Haley Barbour ignites storm of controversy with last-minute pardons
In his last days in office. Gov. Haley Barbour pardoned more than 200 people, at least four of whom have been convicted of killing other people. One of them had been denied parole just two weeks before.
Former Mississippi Gov. Haley Barbour issued more than 200 pardons on his last day in office, including four for convicted murderers.
The pardons were issued late last week and went into effect over the weekend. Barbour left office on Tuesday, the Huffington Post reported.
But now, a Mississippi state judge has stepped in to halt at least some of the pardons — saying Barbour may be in violation of the state's constitution. According to the Christian Science Monitor, 21 of the pardons have been halted temporarily while a review is underway.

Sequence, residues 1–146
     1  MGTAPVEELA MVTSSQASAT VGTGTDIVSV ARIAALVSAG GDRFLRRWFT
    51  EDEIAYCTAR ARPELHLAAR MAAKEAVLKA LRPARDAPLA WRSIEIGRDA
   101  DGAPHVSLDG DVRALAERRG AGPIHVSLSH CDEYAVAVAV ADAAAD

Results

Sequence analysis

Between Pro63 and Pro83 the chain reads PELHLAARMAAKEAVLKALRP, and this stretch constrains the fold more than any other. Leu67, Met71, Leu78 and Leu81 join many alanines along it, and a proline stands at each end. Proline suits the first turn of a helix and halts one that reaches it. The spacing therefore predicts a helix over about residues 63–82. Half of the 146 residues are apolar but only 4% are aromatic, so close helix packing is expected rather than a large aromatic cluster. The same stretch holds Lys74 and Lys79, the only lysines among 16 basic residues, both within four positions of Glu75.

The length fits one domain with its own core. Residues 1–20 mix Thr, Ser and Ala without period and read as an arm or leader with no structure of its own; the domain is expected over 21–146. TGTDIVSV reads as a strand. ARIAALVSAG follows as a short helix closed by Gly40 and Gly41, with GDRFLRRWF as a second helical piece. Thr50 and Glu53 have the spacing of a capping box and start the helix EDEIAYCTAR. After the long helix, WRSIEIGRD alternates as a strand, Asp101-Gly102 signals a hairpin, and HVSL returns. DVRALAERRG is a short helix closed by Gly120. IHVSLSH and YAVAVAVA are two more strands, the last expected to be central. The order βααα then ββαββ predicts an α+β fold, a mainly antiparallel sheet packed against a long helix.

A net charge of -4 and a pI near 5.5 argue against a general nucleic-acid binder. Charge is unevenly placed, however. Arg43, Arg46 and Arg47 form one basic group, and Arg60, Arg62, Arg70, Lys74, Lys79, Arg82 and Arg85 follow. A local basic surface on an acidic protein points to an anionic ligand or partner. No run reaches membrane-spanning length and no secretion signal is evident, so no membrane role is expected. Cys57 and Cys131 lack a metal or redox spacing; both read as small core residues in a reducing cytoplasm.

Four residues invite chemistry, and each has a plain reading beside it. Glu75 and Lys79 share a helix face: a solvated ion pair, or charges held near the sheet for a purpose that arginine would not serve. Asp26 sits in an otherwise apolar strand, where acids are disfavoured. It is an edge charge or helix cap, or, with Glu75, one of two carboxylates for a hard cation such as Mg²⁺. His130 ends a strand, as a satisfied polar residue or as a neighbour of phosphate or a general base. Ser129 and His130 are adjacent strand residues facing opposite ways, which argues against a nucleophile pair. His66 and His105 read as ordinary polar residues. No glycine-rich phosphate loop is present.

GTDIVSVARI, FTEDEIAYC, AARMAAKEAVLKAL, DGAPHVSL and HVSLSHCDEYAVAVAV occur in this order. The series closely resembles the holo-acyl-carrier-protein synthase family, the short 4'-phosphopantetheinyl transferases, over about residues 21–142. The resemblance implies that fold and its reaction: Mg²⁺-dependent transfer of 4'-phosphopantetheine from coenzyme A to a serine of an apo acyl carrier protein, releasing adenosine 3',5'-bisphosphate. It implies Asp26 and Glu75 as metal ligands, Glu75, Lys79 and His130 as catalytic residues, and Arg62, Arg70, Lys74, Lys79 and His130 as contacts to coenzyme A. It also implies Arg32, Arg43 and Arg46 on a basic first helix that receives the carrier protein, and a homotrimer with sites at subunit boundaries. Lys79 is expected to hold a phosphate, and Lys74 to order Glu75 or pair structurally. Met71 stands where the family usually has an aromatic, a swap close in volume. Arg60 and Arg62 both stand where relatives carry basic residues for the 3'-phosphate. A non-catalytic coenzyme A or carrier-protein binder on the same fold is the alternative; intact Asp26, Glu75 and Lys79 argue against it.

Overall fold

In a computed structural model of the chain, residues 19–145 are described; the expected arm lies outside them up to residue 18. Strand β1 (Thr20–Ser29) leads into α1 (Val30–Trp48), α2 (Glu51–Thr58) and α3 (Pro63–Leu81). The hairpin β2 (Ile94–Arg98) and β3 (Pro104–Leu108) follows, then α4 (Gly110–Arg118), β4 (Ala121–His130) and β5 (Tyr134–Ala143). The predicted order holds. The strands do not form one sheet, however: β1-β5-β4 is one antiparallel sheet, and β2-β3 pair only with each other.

"Circuit Judge Tomie Green temporarily blocked the pardons of 21 current and former inmates after a complaint by Attorney General Jim Hood, who was visibly angered by what he considered Governor Barbour's violation of the state constitution. Under the law, those seeking pardons have to publish their intentions in local newspapers, and Mr. Hood said that, in at least some of the cases, Barbour granted the reprieves even though notices had not been published," the Monitor reported.
Barbour said most of those he'd pardoned had already been approved for release by the parole board, and some had already been let out. But in at least one case, the inmate, who had worked at the governor's mansion while in prison, had been denied parole just two weeks ago.
"The Takeaway" is a national morning news program, delivering the news and analysis you need to catch up, start your day, and prepare for what's ahead. The show is a co-production of WNYC and PRI, in editorial collaboration with the BBC, The New York Times Radio, and WGBH Radio Boston.